Off and on I talk about my FM system, a Phonak Zoomlink. It has the microphone and settings (surround sound or omni-sound, partial focus, and very focused (directly aimed at the speaker’s voice or object I want to listen to). This new receiver is custom-made for the Cochlear Freedom. It really puts the sound of the speaker, who may be thirty feet away, directly in my ear, as though as if I am standing right next to him/her. It is an assistive listening device (ALD).
Because I use an FM system, I know how it works and forget that some people don’t have a clue to what I am talking about, even those who have hearing loss and never used it.
An FM system is a wireless system that transmits sound directly from source to ear. It consists of an FM microphone and one or two FM receivers. (This just means some people just use one receiver for one or two-one for each hearing aid/cochlear implant processor.)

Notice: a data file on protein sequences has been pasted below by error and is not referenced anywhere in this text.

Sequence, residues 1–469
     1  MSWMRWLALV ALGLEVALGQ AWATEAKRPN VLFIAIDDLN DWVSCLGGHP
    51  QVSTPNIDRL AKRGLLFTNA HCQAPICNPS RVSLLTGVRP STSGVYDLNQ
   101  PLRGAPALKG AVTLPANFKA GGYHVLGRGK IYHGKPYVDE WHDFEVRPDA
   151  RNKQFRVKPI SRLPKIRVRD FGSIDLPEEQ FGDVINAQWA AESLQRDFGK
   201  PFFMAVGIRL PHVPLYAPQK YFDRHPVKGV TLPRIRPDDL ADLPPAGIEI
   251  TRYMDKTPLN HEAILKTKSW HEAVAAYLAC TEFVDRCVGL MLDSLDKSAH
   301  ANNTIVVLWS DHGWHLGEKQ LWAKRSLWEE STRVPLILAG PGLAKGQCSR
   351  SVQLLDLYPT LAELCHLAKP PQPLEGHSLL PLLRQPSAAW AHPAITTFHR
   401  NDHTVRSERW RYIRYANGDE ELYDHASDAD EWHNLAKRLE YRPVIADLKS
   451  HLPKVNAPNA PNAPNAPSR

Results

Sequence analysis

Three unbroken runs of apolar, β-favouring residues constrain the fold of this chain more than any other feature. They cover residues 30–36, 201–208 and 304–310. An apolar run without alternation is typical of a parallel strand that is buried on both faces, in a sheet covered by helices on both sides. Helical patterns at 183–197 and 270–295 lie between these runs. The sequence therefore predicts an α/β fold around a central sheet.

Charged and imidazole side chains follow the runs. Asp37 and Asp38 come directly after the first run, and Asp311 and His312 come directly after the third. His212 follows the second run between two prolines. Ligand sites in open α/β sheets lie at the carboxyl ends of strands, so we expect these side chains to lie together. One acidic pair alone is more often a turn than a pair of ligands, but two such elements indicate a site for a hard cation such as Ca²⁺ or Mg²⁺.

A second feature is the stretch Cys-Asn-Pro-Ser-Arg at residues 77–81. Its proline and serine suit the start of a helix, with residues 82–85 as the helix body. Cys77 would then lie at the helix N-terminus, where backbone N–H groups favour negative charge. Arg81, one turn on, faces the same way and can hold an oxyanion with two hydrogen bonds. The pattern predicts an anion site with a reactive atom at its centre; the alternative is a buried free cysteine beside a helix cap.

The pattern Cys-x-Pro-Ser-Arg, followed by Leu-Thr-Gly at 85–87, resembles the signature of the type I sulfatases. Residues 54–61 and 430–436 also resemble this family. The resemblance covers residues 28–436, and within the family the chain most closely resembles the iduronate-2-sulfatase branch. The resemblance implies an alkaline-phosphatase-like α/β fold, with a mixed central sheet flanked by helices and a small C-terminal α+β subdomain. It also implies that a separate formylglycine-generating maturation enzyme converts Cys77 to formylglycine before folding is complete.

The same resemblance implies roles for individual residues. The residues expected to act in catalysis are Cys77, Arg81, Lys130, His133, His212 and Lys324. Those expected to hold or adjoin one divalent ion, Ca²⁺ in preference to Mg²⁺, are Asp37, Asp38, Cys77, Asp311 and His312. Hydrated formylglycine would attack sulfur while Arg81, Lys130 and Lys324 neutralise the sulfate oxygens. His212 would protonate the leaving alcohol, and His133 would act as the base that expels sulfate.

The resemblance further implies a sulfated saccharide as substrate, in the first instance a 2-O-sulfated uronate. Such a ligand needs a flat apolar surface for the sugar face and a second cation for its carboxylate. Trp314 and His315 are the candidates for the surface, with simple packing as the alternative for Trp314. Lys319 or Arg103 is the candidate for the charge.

The FM microphone is actually a microphone connected to, or inside, a radio transmitter. The microphone picks up the desired signal, which is often the voice of a person that you want to listen to. The transmitter then sends it via radio waves directly to the FM receiver. The FM receiver, in turn, is connected to the hearing instrument. The sound is delivered to the hearing instrument, the hearing instrument applies the right amplification and the voice can be heard as if the talker was speaking from a very short distance. There are also Phonak FM receivers for cochlear implants and bone-anchored hearing aids. However, the basic principle remains the same.
In a previous post (Squeezed In), I talked about how I now have a new receiver for my FM transmitter(Phonak Zoomlink) because I only had one receiver for the hearind aid ear; I didn't have one for the new processor for the cochlear implant.
Here are some older posts I made about the receiver for my hearing aids: